I'm in the early days co-founding a new company and I've been very focused on early process, culture, and how things get built. While exciting at first over the years, I am now allergic to processes such as Agile and software that serves them. I love the concept of agile (case intentional) but Agile at scale almost always ends up as Waterfall. I'm sure it's been done well with certain teams and at certain companies. In fact, I've heard from people I know and respect that it has. My personal experience and a multitude of stories I've read make me believe that this is the edge case, however.

The multitude of software and roles that have developed over time to reinforce processes like Agile are mind-numbing, and have evolved to the point where software you use to manage your product development process begins to shape your product development process. The medium becomes the message.

I will illustrate a few good examples of how this manifests within teams.

The Inevitable Backlog

When your only tool is a story writing app, every product looks like a backlog. Many product team members and their stakeholders love to see a full backlog broken out across sprints. A full backlog means there is “stuff to work on” and “specs to be be built”. It means that there is not a free man hour to be wasted and everything is planned.

The reality is, however, that most backlogs are filled with old stories that no longer valid as written, or half-written, are unwieldy to manage and are negative to getting actual work done. The time spent to keep it "groomed" it is not immaterial with lots of people in meetings during the week when they could be building, talking to customers, or communicating within the organization.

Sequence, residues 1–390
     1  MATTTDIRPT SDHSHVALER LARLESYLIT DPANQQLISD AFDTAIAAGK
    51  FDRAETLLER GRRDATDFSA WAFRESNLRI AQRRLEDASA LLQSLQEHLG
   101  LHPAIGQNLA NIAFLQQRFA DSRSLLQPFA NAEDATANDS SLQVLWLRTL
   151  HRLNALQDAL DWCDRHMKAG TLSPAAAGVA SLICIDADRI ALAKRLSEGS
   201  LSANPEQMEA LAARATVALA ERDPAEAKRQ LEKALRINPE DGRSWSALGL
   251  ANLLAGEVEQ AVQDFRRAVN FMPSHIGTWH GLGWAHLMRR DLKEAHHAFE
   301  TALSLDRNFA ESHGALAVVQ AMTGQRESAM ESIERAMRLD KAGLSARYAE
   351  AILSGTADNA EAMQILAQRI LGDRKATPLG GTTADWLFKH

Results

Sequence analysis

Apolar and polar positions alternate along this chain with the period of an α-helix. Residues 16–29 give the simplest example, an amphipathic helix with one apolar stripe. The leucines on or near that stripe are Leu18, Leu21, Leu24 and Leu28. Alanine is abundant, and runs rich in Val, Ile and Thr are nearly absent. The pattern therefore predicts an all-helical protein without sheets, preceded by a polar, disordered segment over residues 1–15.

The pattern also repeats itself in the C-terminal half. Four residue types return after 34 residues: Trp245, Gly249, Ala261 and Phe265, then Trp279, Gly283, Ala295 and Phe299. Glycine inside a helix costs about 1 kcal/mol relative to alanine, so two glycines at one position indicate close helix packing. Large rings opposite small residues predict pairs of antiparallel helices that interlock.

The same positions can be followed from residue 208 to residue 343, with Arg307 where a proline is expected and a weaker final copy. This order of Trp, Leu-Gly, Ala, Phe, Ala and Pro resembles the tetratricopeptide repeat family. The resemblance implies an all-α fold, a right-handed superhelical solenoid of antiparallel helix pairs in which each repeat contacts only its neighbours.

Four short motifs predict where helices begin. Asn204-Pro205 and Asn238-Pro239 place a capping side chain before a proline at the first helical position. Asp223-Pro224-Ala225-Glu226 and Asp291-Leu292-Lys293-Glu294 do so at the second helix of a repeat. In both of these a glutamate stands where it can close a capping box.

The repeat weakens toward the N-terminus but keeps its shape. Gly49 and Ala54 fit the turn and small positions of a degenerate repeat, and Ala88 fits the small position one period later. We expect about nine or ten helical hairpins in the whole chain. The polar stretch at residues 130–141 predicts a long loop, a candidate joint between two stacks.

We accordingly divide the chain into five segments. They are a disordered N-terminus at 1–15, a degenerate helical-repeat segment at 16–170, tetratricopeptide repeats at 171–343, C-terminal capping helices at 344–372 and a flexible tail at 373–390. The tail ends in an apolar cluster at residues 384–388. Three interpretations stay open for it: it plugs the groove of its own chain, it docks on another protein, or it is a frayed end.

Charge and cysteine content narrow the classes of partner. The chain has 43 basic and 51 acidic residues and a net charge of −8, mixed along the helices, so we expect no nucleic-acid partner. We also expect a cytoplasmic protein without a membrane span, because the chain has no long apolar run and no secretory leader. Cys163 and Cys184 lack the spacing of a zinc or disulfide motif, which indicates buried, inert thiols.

On top of that it enforces at the very least a mini Waterfall within an org. The design team needs to get ahead, then backend needs to get ahead, and any poor estimation rattles throughout the team. Soon you are operating and planning more minute details months ahead of time. There is nothing wrong with this if this matches your culture, but it's not really what Agile is supposed to be.

My biggest beef is it seems to foster a sense of complacency with teams through a lack of focus. An engineer looking down a huge backlog says “Lol, that’s never going to happen.” The imprecision involved with longer term planning undermines the whole process, as it should. It's existence almost becomes inevitability as well. Teams spend so much time grooming it and looking down at it that it almost has to be built, and other ways not explored or discussed.

The Missing Acceptance Criteria

Acceptance criteria are a big piece of user stories for many teams. They are the requirements that must be filled in order for a story to be complete. The latest software has all sorts of checklists and subtasks and other bells and whistles to make them easier and shinier to write. In theory they should help teams build software that is less buggy, but in reality I've found it to be the opposite. It's where bugs are born.

A good chunk of acceptance criteria is either blatantly obvious or very difficult to identify at the time it's written. When a product is being built, however, it all becomes fairly obvious.  A good PM should be able to identify and write up good acceptance criteria, just like a good engineer should be able to write good code without bugs. And this is generally the case.

The problem is that nobody is perfect. Checklists are rarely exhaustive but, like backlogs, they carry a particular weight and importance in them, to the point where they become a crutch to teams  talking about how something is supposed to work. Software that enables you to publish a checklist of acceptance criteria can therefore be dangerous and where bugs are born.